Interviews Videofreex.pdf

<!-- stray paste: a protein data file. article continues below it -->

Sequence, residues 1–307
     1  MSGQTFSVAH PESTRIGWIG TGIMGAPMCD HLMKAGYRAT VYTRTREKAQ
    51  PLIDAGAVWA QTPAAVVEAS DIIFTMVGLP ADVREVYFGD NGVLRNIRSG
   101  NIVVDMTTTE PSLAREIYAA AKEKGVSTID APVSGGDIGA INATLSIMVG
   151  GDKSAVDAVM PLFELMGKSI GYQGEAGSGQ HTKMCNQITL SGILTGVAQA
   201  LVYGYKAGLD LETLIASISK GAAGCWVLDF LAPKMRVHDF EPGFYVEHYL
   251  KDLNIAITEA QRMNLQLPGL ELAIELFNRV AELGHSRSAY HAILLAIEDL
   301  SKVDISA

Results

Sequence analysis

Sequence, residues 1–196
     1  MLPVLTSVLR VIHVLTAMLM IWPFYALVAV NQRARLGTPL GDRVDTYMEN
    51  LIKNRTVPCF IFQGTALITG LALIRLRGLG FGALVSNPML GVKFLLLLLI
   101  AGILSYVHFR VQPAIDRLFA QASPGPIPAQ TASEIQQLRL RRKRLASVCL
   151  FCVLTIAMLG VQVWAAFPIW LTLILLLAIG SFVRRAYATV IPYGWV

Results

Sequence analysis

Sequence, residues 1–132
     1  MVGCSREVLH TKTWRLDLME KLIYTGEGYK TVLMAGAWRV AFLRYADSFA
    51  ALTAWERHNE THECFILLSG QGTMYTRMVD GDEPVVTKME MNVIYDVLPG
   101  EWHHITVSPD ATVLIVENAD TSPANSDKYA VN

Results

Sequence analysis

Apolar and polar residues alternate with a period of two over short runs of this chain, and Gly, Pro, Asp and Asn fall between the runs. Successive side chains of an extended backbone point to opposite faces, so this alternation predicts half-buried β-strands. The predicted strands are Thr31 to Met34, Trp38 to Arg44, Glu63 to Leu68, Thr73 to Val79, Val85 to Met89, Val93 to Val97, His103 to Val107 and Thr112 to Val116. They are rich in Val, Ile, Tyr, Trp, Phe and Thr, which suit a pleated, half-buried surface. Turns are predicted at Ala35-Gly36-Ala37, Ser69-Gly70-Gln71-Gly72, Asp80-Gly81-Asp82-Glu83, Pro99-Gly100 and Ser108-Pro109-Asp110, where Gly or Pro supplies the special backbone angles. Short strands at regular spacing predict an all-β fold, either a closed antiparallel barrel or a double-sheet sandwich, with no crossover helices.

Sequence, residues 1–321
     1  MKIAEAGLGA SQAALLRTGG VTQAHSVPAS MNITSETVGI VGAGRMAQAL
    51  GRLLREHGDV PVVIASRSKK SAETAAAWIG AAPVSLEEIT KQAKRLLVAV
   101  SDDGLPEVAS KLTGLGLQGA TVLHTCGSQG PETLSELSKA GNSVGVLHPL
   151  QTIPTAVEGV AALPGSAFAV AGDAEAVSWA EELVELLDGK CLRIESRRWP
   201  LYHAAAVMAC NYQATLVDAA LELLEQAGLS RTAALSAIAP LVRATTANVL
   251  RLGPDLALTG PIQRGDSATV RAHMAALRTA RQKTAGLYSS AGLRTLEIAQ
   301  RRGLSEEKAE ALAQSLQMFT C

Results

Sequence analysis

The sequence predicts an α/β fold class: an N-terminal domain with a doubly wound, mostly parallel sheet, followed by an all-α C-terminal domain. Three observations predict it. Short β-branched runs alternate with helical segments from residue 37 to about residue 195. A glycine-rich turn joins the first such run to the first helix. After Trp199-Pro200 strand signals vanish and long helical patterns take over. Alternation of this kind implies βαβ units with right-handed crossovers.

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Interviews of the Videofreex, Skip Blumberg, Nancy Cain, Bart Friedman, Davidson Gigliotti, Mary Curtis Ratcliff, Parry Teasdale, Carol Vontobel, Ann Woodward, Abina Manning and Tom Colley, lead by Sibylle de Laurens and Pascaline Morincôme between June 2014 and October 2016 in New York City (NY), Saugerties (NY), and Chatham (NY) and from Paris, in connexion with Desert Hot Springs (CA) et Berkeley (CA). Pascaline Morincôme & Sibylle de Laurens: At the end of the 1960s and during the 1970s, different video groups were created such as Raindance Corporation, Global Village and People’s Video Theater, this was made possible by the introduction in the U.S.A. of SONY's first video recorder, the Portapak. Videofreex was part of this “Videosphere”. How did you start to work as a collective? Skip Blumberg: In 1967, Sony introduced this half-inch video for two markets: one was schools; the other was industry. I think tourism and other home-use were a third consideration, but artists and activists picked up the camera. There were all these little communities of people that applied video in different ways: some in the art world, some in music, some in business, some in schools, some in news and TV. Mary Curtis Ratcliff: In 1968, David and I were living in New York and he had a camera. He went to Woodstock, (…) and he came back with the camera and Parry. There is a saying in English that goes, “if you can’t beat them, join them”. So the three of us decided to start a group. We would just go and shoot anything that was of interest. Music, marches, etc. P&S: One of the particularities of Videofreex in comparison to the other video groups at that time, is that you started to work for one of the biggest television networks in the U.S.A. The Videofreex – David, Parry and Mary Curtis - were chosen by a CBS producer, Don West to work on a new pilot program that West hoped would replace The Smothers Brothers Comedy Hour, a show the network judged too controversial. Mary Curtis: Yes, it's how we became a group. All of a sudden there was too much work to do and we had to hire other people, so we took Nancy to Chicago with us. At that time she was working for CBS (ed. note: she was Don West's assistant). Skip: Carol introduced me to the Videofreex. She and Nancy were friends before Videofreex… they were roommates in uptown Manhattan. And when Nancy started working with Don West, the Videofreex needed help. So I left my job teaching and I started working with the Videofreex on the CBS project, in September or October of 1969. Mary Curtis: We needed a technical person who really knew what to do and we found Chuck Kennedy. David met Davidson in a bank; he had a camera in his hand (laugh)! And then Bart came. We met Ann after CBS at an exhibition at Brandeis University (MA). Ann Woodward: Yes, I was a curatorial assistant as a student at the Rose Art Museum of Brandeis University. The director was Russell Connor, who had been involved in the first network television program about video art at WGBH in Boston. He created the exhibition “Vision and Television” which brought in a lot of video artists. This was Waltham, Massachusetts, in February 1970. Videofreex were part of that show.


         


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